Re: Bug#316487: debian-installer-manual: Missing copyright credit: Karsten M. Self for section C.4
Quoting Karsten M. Self (firstname.lastname@example.org):
> Package: debian-installer-manual
> Severity: serious
> Justification: Policy 2.3
(no legal nitpicking in the following, just common sense)
Please note for further reference that each and every line, paragraph,
documentation, translation, line of code, web page I have personnally
ever contributed to any free software project does not need any
special attribution, license or whatever to be re-used.
This is true for all my contributions in free software in the last 13
years as well as any other contribution I could have made since
January 1981 (IIRC the first time I ever hit a computer keyboard).
In short, anyone is free to re-use any material I have ever
contributed in free software projects as long as the general license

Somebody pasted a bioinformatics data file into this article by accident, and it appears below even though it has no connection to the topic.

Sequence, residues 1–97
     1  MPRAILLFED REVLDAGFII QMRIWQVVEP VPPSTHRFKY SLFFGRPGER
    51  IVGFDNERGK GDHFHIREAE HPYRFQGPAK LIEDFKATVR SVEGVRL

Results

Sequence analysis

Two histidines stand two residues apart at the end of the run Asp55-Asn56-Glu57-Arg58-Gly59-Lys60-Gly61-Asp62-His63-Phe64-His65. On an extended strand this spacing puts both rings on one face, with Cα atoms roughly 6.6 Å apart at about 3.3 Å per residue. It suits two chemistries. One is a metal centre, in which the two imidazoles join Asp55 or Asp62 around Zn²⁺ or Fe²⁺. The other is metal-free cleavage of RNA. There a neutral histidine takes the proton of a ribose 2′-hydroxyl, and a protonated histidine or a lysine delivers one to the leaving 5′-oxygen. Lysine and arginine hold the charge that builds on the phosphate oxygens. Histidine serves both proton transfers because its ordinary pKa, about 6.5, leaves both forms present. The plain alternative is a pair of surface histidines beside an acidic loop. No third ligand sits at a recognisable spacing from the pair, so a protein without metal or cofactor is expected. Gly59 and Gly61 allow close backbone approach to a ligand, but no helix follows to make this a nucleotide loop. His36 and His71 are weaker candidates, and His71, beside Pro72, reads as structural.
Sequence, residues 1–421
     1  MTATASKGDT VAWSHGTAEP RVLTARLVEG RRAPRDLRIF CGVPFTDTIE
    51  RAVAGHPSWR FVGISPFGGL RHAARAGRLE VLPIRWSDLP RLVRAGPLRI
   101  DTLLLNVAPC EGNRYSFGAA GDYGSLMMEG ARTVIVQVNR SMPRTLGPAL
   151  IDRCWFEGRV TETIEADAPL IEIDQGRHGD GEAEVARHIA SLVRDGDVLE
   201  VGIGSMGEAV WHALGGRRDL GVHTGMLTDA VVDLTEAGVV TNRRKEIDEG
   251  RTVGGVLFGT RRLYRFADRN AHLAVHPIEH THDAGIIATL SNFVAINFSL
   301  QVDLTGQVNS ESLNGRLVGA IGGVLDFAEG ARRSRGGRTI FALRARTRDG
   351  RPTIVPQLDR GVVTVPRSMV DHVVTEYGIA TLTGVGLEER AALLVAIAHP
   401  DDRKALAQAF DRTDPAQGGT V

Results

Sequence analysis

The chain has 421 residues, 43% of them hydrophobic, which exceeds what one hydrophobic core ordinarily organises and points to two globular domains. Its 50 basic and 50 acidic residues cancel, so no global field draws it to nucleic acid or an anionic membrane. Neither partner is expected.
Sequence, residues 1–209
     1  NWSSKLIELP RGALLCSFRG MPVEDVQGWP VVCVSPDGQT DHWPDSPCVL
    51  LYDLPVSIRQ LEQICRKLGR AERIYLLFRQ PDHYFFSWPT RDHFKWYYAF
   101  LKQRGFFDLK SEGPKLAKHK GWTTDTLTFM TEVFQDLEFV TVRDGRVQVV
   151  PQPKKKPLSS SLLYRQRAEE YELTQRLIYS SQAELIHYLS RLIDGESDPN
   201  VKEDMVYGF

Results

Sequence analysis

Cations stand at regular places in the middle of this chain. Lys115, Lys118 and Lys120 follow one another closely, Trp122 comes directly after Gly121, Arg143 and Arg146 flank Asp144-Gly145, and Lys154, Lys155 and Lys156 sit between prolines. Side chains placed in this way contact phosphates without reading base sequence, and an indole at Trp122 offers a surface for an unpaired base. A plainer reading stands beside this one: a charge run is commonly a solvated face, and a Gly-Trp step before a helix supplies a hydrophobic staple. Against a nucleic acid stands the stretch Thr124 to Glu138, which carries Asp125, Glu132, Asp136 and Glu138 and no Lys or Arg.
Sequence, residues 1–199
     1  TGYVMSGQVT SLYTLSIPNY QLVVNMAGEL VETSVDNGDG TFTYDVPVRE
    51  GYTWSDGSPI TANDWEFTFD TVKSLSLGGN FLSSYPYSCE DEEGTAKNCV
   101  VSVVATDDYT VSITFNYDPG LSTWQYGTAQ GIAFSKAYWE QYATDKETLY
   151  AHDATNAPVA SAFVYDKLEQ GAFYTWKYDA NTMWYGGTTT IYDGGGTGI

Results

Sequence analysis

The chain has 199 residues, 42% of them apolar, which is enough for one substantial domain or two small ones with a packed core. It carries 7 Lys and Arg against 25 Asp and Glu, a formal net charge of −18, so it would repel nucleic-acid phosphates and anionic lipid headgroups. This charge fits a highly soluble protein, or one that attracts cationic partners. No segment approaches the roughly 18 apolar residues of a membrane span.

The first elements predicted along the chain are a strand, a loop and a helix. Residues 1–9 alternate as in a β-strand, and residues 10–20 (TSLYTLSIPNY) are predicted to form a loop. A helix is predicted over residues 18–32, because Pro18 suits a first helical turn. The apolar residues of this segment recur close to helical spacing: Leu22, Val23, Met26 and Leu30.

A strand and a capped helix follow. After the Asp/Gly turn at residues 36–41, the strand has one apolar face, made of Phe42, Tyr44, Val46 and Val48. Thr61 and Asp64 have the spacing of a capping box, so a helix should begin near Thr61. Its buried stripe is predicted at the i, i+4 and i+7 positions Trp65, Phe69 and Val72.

of these projects are respected. And I don't care about my bloody name
to be mentioned or not.
Sometimes I wish that free software contributors forget about legal
nitpicking and licenses/copyright headaches to just concentrate on
coding. I know this won't happen and I know this won't make you change
your mind. Just another point of view.
This thread is probably started for days and will eat the time of
dozens of developers, especially Joey Hess who I consider as the major
architect of the technical success of the Debian Installer. This, just
to solve your concerns about your work not being "properly"
attributed, according to your own reference system.
This will probably trigger other such requests because it is highly
probable that you are legally perfectly entitled to this.
This is so great. Joey, and probably Frans Pop, who is in charge of
the installer manual, will have to spend a lot of valuable hours to
track down and solve such issues. Maybe even far more than the time
saved by including your work in the installer manual.
So, just think about this : have you *really* contributed to this
You will probably try to convince me that you're right. You don't need
to. You *are* technically right. In my reference system, you are not